Byker Hill: Collier Lads For Ever More (Now with Trombones!)

“Byker Hill” is an English folk song about coal miners in Newcastle; and not coincidentally, my eldest came to me a couple of days ago and asked if I’d buy a particular recording of it for him. That recording is by a group called the Cottars, of which I know nothing except that they do a really good “Byker Hill”:

It’s sung to several tunes, the but the one I first encountered is a rather frenetic folk-rock version with klezmer influences by Boiled in Lead, which alas doesn’t appear to be on YouTube. Here’s another song by Boiled in Lead, “My Son John”. It’s refreshing to hear Americans sing English folk songs without affecting English accents.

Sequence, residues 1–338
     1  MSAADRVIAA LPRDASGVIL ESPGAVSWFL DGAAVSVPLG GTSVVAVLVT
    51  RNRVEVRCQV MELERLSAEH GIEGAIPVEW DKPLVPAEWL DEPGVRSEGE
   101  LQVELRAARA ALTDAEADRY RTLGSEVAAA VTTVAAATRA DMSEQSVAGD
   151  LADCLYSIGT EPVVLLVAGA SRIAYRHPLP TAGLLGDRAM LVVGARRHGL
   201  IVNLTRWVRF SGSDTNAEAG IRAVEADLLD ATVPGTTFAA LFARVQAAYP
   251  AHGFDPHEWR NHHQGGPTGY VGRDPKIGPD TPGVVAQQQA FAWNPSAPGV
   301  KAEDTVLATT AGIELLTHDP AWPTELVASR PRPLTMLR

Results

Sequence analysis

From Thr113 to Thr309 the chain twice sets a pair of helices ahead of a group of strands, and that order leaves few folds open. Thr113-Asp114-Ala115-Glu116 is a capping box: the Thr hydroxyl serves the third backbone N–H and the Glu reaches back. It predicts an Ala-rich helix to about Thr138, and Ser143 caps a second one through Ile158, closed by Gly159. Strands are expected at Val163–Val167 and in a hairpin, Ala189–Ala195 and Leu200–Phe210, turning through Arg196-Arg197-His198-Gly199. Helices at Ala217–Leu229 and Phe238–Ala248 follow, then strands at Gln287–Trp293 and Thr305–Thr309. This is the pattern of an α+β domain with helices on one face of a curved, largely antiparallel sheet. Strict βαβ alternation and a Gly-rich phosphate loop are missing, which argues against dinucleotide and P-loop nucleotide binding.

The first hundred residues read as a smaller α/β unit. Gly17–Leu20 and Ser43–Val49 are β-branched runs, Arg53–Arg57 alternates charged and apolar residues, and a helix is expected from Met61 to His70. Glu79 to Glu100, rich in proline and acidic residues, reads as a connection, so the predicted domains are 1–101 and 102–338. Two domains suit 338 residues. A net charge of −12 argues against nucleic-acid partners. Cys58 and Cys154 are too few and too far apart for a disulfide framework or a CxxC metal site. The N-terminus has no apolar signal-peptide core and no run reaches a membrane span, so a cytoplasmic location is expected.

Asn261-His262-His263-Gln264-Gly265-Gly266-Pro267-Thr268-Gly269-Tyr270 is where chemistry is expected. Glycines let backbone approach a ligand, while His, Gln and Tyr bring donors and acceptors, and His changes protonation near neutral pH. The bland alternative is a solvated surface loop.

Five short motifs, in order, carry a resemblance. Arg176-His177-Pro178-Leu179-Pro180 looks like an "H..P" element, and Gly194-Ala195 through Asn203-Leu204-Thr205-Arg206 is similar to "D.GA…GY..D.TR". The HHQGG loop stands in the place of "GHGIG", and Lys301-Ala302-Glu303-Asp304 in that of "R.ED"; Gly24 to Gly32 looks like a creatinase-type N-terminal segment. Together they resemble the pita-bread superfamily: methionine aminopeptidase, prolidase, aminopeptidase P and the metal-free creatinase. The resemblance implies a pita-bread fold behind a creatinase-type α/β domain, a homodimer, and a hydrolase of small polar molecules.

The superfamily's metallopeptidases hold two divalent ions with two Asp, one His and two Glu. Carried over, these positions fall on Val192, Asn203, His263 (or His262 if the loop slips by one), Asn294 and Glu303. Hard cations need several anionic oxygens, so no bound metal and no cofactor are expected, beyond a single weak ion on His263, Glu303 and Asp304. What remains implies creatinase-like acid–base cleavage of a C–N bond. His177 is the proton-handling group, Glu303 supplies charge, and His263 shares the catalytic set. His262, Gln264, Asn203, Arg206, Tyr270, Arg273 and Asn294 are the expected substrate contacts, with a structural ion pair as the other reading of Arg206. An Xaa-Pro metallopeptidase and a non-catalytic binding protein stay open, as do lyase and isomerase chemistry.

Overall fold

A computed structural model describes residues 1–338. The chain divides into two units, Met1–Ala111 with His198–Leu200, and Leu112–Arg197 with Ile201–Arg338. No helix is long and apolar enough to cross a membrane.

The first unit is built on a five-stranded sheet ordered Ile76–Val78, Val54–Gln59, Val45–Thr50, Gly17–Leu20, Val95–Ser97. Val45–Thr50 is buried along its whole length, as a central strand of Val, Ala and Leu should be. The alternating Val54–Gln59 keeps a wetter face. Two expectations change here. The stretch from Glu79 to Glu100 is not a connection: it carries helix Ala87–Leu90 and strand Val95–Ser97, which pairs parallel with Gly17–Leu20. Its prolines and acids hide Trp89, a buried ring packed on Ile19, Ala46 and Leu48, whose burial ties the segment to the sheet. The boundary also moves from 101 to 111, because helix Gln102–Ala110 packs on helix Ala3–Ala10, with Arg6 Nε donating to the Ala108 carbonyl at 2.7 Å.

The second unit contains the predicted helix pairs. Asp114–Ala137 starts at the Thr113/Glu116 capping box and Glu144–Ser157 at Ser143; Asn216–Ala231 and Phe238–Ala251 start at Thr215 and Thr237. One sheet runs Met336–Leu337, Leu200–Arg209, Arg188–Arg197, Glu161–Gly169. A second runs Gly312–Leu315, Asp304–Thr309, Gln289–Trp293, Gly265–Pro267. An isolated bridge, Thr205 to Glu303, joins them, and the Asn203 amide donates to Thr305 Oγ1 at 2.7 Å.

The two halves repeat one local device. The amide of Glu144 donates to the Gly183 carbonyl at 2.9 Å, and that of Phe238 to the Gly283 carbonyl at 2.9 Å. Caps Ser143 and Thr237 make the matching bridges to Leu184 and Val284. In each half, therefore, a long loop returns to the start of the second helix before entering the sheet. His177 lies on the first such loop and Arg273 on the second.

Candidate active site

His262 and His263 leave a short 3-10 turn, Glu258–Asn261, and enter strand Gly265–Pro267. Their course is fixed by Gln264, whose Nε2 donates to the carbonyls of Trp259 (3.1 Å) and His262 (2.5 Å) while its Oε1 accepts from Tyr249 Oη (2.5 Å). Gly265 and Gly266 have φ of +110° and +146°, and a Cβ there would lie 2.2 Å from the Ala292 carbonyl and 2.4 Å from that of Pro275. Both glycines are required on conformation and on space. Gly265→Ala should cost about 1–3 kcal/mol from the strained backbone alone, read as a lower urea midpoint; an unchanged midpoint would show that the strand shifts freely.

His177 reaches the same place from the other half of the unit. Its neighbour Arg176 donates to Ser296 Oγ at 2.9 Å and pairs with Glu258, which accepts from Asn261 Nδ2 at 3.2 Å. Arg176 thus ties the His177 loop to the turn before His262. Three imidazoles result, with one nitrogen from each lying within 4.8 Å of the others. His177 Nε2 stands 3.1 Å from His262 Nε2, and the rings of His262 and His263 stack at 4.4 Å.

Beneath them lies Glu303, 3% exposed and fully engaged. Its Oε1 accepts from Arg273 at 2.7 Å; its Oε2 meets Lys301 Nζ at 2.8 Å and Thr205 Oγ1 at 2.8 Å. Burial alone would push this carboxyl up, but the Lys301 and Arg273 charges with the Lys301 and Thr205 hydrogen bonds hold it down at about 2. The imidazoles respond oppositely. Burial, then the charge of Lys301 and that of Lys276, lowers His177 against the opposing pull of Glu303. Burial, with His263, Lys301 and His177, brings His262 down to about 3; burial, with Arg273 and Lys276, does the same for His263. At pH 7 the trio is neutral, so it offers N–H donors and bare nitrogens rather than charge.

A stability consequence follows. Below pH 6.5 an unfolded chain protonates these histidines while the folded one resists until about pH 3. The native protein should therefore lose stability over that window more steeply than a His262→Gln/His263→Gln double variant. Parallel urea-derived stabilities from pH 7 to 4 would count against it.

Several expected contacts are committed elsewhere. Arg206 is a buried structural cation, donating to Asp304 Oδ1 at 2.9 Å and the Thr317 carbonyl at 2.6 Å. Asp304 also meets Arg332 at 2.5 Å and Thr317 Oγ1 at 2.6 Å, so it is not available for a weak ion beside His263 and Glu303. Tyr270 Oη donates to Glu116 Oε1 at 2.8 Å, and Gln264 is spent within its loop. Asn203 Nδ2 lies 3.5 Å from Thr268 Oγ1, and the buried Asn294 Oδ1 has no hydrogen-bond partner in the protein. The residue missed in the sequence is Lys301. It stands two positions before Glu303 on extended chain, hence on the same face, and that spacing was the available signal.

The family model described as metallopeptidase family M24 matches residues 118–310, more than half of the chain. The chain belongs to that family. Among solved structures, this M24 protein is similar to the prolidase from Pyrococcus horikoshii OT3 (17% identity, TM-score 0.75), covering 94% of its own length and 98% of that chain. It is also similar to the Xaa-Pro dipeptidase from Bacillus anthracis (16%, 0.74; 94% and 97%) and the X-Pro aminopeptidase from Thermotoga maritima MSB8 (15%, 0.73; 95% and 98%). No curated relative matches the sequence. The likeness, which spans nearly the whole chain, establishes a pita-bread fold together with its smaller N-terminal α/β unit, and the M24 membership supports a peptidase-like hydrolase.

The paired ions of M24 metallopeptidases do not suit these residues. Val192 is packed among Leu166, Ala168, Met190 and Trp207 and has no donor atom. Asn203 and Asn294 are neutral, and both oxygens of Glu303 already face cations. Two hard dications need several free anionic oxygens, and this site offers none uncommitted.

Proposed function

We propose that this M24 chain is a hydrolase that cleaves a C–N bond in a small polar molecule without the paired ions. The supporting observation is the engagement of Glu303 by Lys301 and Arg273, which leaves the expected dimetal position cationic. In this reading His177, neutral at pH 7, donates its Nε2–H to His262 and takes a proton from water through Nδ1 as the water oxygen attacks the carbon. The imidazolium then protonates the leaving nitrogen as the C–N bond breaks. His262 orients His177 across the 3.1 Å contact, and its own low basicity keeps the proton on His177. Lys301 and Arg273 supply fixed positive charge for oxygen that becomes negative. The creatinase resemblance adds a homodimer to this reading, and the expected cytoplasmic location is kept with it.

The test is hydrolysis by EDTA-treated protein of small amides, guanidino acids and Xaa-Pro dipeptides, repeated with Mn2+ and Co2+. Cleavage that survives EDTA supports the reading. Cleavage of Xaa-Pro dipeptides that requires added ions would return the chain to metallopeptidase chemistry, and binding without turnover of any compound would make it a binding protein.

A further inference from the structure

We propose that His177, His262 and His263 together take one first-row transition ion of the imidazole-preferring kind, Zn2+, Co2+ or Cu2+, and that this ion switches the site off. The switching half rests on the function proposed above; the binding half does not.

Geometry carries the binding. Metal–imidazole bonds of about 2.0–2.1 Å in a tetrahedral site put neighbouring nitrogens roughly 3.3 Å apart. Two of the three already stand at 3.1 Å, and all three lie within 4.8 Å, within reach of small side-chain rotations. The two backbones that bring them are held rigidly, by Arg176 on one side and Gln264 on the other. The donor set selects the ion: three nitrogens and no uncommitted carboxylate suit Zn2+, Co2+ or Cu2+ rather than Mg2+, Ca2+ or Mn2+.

There are quite of few recordings of Byker Hill floating about; I found one by Chanticleer that was so overly refined I’m not going to link to it, and a remarkably strident one by the Young Tradition from the 1960’s that’s otherwise similar to the Cottars; and then I found this one by the Barely Works, a group I’m going to have to look more closely at. Here it is, The Barely Works, complete with trombone and lovely close harmonies:

And then this one by Martin Carthy and Dave Swarbrick that’s just entirely different, starting with the tune, all lovely fiddle and guitar:

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